A change in Turkmen leadership will not necessarily yield the desired outcome for Turkey. The end of 2021 saw the Central Asian state join the Turkic Council as an observer, something that has been Ankara’s wish for years. President Recep Tayyip Erdogan sees numerous benefits from cooperation with Ashgabat, primarily in the energy sector. The approach seemed to be similar to President Gurbanguly Berdymukhammedov’s.

This was expressed through, initially agreeing, in a broader context, for the construction of the Trans-Caspian pipeline. This agreement was translated to a  signing of eight total cooperation agreements. These agreements encompassed cooperation on new transit corridors through the port town of Turkmenbashi, which is strongly connected to the energy sector.

In addition, agreements on broader collaboration to create new energy supply routes for the international markets were reached. Another very encouraging fact was that the trade targets for the two countries, estimated at $5bln, were achieved in 2021. During the bulk of these agreements and statements, Serdar Berdymukhammedov was not present. This creates serious grounds to doubt that the continuation of the Turkey-Turkmenistan collaboration will not be as fruitful.

Implications for the energy landscape
Energy prices

The transition of power in Turkmenistan is coming amidst an enormous ongoing energy crisis in Europe. One of the lessons learned from the aforementioned crisis is that exaggerated energy supply dependence can lead to frequent price spikes, especially during the energy transition.

This can be an insightful indicator for a future where Russian companies influence gas projects in Turkmenistan. It will be even more challenging for these markets to find ways to diversify their supply.

Concerning price volatility, in a scenario where Russian companies become responsible for the energy project deployment within the country, considering the fact that they are notorious for their long-term gas contracts at fixed prices, there is a high chance that this will reduce price uncertainty. This would be very welcoming both in Europe and in China, where the effects of the energy transition and of climate change are pointing towards increased price volatility over the coming years.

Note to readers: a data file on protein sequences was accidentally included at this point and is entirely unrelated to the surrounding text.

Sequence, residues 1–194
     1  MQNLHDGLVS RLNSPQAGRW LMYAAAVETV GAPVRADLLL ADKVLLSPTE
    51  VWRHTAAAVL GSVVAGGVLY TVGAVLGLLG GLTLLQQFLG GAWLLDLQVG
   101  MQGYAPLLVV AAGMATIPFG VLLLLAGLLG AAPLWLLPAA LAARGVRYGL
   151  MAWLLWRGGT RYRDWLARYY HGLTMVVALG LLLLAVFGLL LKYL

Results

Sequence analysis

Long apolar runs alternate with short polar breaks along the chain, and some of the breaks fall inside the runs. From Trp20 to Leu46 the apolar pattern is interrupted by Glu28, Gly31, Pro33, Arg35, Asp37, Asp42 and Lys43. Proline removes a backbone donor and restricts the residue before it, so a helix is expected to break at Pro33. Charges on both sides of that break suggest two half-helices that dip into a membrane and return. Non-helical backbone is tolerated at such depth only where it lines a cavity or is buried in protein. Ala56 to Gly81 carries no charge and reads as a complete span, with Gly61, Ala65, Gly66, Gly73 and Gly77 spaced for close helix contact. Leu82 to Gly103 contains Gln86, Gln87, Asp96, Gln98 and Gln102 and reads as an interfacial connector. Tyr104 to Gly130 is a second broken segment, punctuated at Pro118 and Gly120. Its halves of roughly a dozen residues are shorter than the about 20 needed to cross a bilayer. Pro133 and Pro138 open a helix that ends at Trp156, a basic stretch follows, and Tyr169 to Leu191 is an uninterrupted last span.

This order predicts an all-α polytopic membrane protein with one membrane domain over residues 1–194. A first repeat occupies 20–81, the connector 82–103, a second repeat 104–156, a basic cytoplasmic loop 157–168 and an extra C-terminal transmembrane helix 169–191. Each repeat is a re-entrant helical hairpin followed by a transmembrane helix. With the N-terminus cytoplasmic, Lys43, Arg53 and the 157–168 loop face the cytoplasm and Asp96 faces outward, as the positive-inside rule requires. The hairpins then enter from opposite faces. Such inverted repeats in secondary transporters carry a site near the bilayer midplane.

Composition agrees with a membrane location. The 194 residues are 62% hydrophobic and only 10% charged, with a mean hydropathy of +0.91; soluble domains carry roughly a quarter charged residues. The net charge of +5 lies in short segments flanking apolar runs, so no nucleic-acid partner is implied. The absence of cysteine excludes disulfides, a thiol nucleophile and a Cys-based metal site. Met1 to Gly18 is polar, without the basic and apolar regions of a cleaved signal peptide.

Trans Caspian and the TAPI pipelines

What could be considered good news concerns the pipeline projects in Central Asia?

The Trans-Caspian pipeline is a project that aims to transfer 30bln cubic meters from Turkmenbashi to Baku, Azerbaijan. Despite the high ambitions, the project has been on hold, presumably over the high costs of creating the delivery chain, but also processing the gas, given the fact that Turkmen gas is high in sulfur.

In addition, estimations at the beginning of the pandemic showed that this gas brought to Europe would not be price competitive. However, increasing interest by Russian energy giant Lukoil at the end of 2021 brought a sign of hope.

Initially, on October 7, 2021, the company increased its share in the Shah Deniz field of the Caspian Sea, which was followed by a round of discussions between the head of the Lukoil oil sector and Ashgabat. The timing now is great in order to convert the Trans Caspian dream into a reality.

This, in the long term, could be beneficial for Turkey as well, as it will be able to provide more gas to Europe through the Southern Gas Corridor (provided the TSC connects with the SGC), increasing leverage over the EU. This is very much needed especially during the past years that saw the EU-Turkey relations being challenged.

The Turkmenistan Afghanistan Pakistan India (TAPI) pipeline is another hot potato in the region. The project that promises to transfer 33bln cubic meters passing from Herat to Kandahar, Quetta, and Multan has been halted for primarily two reasons: the first one concerns the instability that exists in Afghanistan, whereas the second one has to do with the financing of the project.

For the completion of the project at least $10bln will be needed, which is very challenging to obtain, as so far only $1bln was managed to be raised. The recent claims of Russia’s ambassador to Afghanistan, Zamir Kabulov, that the project seems very attractive, have been highly encouraging, and combined with the ascension of a favorable to Moscow person in charge of Turkmenistan might weigh in favor of the project and bring the necessary funding from the Kremlin for its completion.